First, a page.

Rep. Tulsi GabbardTulsi GabbardGabbard drops defamation lawsuit against Clinton It’s as if a Trump operative infiltrated the Democratic primary process 125 lawmakers urge Trump administration to support National Guard troops amid pandemic MORE (D-Hawaii), a 2020 White House hopeful, said President Trump is trying to “pimp out” the U.S. military after Trump tweeted that he’s waiting to hear from Saudi Arabia in considering a possible military attack.
“My fellow service members and I, we are not your prostitutes and you are not our pimp,” Gabbard, a member of the National Guard who served in Iraq, tweeted Tuesday.
Gabbard said that with his tweet, Trump “offered to place our military, my brothers and sisters in uniform, under the command of [Crown] Prince Mohammad bin Salman, the dictator of the Islamist Kingdom of Saudi Arabia.”
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.@realDonaldTrump Despicable. Offering to place our military assets under the command of a foreign country—Saudi Arabia—is a disgrace and betrayal of my patriotic brothers and sisters in uniform and to our Constitution. We are not your prostitutes. You are not our pimp. pic.twitter.com/Cu1OewEMOC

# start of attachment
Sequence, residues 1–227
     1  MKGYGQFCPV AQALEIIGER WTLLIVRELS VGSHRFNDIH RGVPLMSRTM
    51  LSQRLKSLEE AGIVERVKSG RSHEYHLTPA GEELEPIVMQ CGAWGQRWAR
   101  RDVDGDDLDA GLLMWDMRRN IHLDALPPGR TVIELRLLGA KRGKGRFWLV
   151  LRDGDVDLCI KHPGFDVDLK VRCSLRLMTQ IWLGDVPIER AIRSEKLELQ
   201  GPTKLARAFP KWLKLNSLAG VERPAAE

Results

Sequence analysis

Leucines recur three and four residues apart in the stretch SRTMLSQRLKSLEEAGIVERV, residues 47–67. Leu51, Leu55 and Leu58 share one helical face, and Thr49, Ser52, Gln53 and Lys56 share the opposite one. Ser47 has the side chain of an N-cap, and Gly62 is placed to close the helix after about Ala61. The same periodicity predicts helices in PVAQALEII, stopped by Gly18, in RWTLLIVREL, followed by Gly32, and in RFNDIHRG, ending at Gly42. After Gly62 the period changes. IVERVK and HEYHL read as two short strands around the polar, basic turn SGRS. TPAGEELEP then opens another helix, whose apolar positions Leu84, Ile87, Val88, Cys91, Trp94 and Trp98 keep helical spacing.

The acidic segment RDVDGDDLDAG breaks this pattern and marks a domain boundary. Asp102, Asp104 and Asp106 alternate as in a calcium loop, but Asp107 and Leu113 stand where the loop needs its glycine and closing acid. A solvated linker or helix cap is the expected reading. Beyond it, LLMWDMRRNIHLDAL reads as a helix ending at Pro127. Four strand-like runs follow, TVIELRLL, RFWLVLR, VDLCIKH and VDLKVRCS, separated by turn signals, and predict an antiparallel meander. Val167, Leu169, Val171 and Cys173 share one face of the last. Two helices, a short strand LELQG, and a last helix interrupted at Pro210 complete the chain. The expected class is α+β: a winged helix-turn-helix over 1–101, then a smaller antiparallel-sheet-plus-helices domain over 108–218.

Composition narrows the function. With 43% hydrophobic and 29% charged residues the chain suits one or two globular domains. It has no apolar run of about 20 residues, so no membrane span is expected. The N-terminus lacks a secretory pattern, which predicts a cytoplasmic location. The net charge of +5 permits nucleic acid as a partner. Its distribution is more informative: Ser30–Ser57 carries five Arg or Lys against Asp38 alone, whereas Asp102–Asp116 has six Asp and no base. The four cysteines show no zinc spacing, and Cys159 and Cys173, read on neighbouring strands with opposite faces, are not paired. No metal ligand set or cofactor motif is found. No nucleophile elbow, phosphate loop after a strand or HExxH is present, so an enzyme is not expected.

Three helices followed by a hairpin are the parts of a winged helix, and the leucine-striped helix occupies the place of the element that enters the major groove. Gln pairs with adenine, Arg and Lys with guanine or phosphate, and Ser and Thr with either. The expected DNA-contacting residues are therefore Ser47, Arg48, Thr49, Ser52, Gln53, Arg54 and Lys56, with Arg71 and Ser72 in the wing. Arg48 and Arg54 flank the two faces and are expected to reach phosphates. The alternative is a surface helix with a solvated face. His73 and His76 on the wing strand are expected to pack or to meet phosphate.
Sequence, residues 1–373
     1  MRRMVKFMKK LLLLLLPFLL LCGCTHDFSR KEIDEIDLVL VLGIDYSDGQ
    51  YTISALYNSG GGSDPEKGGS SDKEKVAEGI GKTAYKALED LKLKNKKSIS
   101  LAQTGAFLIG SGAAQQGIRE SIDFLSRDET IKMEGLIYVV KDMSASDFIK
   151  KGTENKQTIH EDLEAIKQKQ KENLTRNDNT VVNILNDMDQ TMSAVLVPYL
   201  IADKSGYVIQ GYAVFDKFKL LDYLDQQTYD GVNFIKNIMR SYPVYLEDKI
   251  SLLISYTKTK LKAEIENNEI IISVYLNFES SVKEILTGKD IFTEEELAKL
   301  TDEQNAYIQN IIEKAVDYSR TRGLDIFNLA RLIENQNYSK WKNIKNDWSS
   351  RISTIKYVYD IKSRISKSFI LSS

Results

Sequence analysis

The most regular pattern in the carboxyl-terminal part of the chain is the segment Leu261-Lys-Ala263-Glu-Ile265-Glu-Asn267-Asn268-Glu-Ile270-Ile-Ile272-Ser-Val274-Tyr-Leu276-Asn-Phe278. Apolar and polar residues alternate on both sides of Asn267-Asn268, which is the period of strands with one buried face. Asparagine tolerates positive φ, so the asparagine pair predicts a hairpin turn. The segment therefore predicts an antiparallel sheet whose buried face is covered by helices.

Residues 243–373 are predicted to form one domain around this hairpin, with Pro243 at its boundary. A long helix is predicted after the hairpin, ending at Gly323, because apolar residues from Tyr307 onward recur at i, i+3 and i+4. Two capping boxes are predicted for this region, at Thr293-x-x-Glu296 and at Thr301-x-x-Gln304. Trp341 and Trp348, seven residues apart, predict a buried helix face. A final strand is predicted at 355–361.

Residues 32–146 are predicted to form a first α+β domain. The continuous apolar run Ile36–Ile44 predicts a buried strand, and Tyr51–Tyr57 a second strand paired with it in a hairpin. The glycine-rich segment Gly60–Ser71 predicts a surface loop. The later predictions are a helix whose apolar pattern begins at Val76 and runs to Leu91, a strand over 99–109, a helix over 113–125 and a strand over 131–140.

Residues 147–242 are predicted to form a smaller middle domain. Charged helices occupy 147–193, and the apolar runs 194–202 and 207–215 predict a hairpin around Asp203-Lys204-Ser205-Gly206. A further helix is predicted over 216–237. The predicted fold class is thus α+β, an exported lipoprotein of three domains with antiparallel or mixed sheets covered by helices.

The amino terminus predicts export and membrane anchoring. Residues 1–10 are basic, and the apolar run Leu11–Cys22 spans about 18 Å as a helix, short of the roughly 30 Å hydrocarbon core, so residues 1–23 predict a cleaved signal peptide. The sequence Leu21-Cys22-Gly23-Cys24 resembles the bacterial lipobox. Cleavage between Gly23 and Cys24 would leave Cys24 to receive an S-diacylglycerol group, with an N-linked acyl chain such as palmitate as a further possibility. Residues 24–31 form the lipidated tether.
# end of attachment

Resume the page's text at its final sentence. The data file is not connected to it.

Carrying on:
— Tulsi Gabbard (@TulsiGabbard) September 16, 2019
“Mr. President, as you know, I have never engaged in hateful rhetoric against you or your family, and I never will, but your offering our military assets to the dictator of Saudi Arabia to use as he sees fit, is a betrayal of my brothers and sisters in uniform, who are ready to give our lives for our country,” Gabbard said.
“For you to think that you can pimp out our proud service men and women to the prince of Saudi Arabia is disgraceful, and it once again shows that you are unfit to serve as our commander in chief,” she added.
Gabbard’s extended statement followed her Monday tweet saying “having our country act as Saudi Arabia’s b—- is not ‘America First,’” hitting the president’s slogan. ADVERTISEMENT
Trump had tweeted that the U.S. is “locked and loaded” and “waiting to hear from the Kingdom” after a drone attack on Saudi Arabia’s oil supply.
The Houthis, a Yemeni rebel group, claimed responsibility for the attack, but U.S. officials blamed Iran.
Tehran has denied involvement.